Monk Seals under threat in Hawaiian conservation zone
The population of monk seals living in the marine conservation area around Hawaii's Papahanaumokuakea Marine National Monument is declining by up to 4% a year, leading to fears that the species could become extinct within 50 years.
The reduction in seal numbers has left researchers scratching their heads as, at the main Hawaiian islands, the seal population is doing well, even though the seals do not receive the same protection from fishing and commercial development.
The phenomenon has led conservationists to wonder if the reserve is having a detrimental effect of the monk seal population in the area. Conservation biologist, Les Kaufman, from Boston University said: "It's impossible to know if the reserve is actually causing or contributing to this effect, but it is deeply disturbing that it hasn't reversed it."
One suggestion is that the decline is due to an increase in shark predation. Fishing discards, which were banned in the area in 2006, could have led to an increase in shark numbers, which now see the monk seals as primary food source.
Other reasons could include a change in the food supply due to warmer waters or competition from large fish. Some experts suggest that it is still early days for the conservation area and the ecosystems there have yet to stabilise.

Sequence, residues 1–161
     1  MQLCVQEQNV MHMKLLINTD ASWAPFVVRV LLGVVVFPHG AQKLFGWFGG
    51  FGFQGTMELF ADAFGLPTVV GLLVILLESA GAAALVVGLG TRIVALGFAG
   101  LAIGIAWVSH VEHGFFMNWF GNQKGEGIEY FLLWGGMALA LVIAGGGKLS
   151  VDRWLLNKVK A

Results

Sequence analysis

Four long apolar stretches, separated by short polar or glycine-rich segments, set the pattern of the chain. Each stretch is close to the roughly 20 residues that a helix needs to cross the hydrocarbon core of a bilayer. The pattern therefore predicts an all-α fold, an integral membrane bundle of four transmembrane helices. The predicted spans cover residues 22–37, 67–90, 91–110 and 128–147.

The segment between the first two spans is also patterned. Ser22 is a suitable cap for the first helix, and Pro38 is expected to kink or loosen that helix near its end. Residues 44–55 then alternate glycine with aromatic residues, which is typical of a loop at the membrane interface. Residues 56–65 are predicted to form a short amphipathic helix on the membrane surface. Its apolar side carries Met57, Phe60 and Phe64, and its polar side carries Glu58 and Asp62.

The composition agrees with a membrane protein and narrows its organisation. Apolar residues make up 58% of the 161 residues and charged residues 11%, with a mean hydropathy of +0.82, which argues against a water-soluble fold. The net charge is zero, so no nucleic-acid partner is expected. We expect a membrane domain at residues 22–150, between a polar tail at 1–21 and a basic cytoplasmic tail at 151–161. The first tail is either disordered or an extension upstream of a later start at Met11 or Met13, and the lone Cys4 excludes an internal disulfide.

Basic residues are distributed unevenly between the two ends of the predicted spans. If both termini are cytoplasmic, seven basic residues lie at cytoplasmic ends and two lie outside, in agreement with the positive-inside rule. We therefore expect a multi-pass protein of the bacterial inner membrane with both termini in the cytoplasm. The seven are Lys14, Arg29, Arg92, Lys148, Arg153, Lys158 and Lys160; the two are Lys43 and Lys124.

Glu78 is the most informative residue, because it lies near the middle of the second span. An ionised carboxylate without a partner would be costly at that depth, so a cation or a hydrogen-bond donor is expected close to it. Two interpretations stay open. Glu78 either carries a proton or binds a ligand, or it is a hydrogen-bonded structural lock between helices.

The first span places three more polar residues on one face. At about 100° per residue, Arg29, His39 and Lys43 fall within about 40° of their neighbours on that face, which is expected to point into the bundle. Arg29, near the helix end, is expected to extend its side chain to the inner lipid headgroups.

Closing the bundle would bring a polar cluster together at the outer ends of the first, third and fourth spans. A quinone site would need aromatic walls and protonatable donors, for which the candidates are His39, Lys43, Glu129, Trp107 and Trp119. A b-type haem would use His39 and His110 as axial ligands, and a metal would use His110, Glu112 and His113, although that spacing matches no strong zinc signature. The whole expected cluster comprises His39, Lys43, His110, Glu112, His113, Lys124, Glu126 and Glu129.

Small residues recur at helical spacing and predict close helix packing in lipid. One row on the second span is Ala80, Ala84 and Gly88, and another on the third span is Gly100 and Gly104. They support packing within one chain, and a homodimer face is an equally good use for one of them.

Part of the problem appears to be a low survival rate among pups, which has led conservationists to take the drastic step of relocating or "euthanising" aggressive male seals seen attacking pups. So far, however, results have been less than promising. Seal numbers continue to fall and the Maui News reports that further steps have been recommended to protect any further decline. These include relocating young seals to areas where survival rates are higher.
Unfortunately, as Leah Gerber of Arizona State University explains, conservation measures are known to affect habitats and the species that live there in ways we can't foresee: "Marine preservation areas may not be the solution in all situations."
The full report has been published in the journal Conservation Letters.